‘Honesty is more than not lying. It is truth telling, truth speaking, truth living, truth loving.’ James E. Faust
Have you ever lied at work? Do you tell half-truths to get the sale or job? Do you keep promises?
What does this quiz say about you?
Answer yes or no.
1. I’ve lied on my resume or fudged reports.
2. I call in sick when I’m not.
3. I surf the internet on company time.
4. I fail to disclose pertinent information.
5. I’ve cheated on school or employment tests.
6. I’d tell a face-saving lie to protect my career.
7. I exaggerate the truth or tell white lies to avoid hurting someone.
8. I’ve stolen office supplies or padded expense accounts.
9. I lie to better serve my employer or clients.
10. I’ve copied software or reproduced cassettes.
Scoring: One point for each “yes.” The higher your score, the more you could enhance honesty.
Lying is stressful, and stress harms health and accelerates aging. Frequent lying and fear of exposure keeps your body’s “fight or flight” response on. Long term activation of this system may result in health conditions like heart disease.
The Pinocchio Effect also kicks in when you lie. The temperature in the muscles around the nose becomes hotter, according to Emilio Milán and Elvira López at the University of Granada. There is corresponding action in the insular cortex of the brain which controls emotions. Fear of being caught in a lie increases activity in the insular cortex, leading to more heat emanating from the nose. The researchers called this the Pinocchio effect. In Walt Disney’s Pinocchio, the boy puppet’s lies are revealed whenever his wooden nose grows.
Lying damages a person’s self respect and credibility. Dishonesty also affects company productivity. Using company time and stealing small items add up. Honest employees pay for others’ lack of integrity through stricter rules, or other..
Why people lie
Children learn to lie. Many don’t view cheating on exams as unethical. Dishonest behavior is encouraged when schools fail to show disapproval of students’ cheating. The same message is given when parents cheat on taxes. Children learn all methods for achieving goals are justified.
We fib because we need to appear competent, want to avoid hurt or conflict, desire to protect our jobs, or not rock the boat. Some workers may lie about a sick child to protect themselves from taking another business trip. Others who call in sick are tending to personal needs. Not all supervisors understand employees’ need for family or relaxation time. Business behaviors such as not disclosing pertinent information or selling defective goods are rationalized along the same lines.
Political and business leaders have lied for centuries. Recent studies conducted by Paul Piff, social psychologist, at the University of California, Irvine, found that self-interests tend to spur the elite to lie and cheat.
Lies have hidden costs, not only in productivity and teamwork, but in a person’s self-respect. It’s difficult to stop, once you start exaggerating the truth. People who lie don’t remember who knows what. A major consequence is damaged credibility.
Various workplace situations facilitate untruthful behaviors. Employee dishonesty may be a sign of outdated company policies. Workers may take time off for questionable family needs because the employer has no flex time or personal care days.
William Shakespeare offers sage advice: “Honesty is the best policy. If I lose mine honor, I lose myself.” Additional suggestions follow.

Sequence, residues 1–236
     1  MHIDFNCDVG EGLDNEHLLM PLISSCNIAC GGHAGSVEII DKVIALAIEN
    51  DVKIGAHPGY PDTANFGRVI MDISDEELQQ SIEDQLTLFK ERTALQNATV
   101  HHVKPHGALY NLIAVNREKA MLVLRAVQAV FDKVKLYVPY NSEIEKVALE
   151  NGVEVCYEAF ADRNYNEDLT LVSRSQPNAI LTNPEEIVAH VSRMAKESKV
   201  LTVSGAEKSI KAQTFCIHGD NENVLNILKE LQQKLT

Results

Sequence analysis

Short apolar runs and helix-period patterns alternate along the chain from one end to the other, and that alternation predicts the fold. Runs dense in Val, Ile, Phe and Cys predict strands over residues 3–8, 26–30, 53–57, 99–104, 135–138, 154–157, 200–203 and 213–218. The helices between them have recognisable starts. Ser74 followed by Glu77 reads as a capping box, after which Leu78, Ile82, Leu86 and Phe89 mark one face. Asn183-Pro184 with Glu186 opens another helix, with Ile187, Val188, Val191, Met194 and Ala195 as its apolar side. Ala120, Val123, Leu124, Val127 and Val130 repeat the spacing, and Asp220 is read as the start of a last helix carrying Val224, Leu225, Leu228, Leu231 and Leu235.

– Love and accept yourself. Know what you want. Surround yourself with supportive people who accept you for who you really are.
Don’t compromise your integrity and reputation by associating with people whose standards of integrity you mistrust.
– Speak the truth. Communicate in an open and honest fashion. Exaggerating your ability to meet expectations will hurt your status and business more than being honest up front. Truth and trust go together. Lies erode others’ faith in you.
– Say what you mean and mean what you say. Present both sides of an issue to ensure objectivity. Simplify your statements so that others understand your message. Tell people the rational behind your decisions so that your intent is understood.
– Keep promises. If there is a genuine reason you can’t reveal your position, such as when you’re negotiating, consider saying, “I can’t discuss that now.”
Hold people accountable when their actions don’t match their words.. If you have a personal bias or a conflict of interest make it known to people with whom you are interacting.
– Avoid compromising situations. If your boss tells you to lie about a given situation, gently decline saying you’re not comfortable with the idea, or offer an alternative way to achieve the goal. If you find yourself in many compromising situations, think about moving on.
– Shift mindset. Lying is a learned survival strategy that can be unlearned. Note what triggers your decision to lie. What fear (e.g., being wrong, hurting someone) is behind this choice? Why do you believe the lie will have a better outcome, and for whom? Reflect on your answers to uncover your motivation, and make needed modifications.
When you sense yourself crafting a lie, ask yourself. “What’s the worst that can happen if I tell the truth?”
– Visualize an image of your honest self. Focus on this image to maintain truthfulness in all situations.
Additional tips for maintaining truthfulness and strengthening other Quester traits are discussed in award winning audiobook, Questers Dare to Change Your Job and Life by Dr. Carole Kanchier:
Dr. Carole Kanchier, registered psychologist, career and personal growth expert, is author of award winning, Questers Dare to Change Your Job and Life. Carole Kanchier inspires people to realize their potential and look at career advancement in new ways. Dr. Kanchier pioneered the unique model of lifelong growth and decision making which she shares in “Questers Dare to Change.” www.questersdaretochange.com.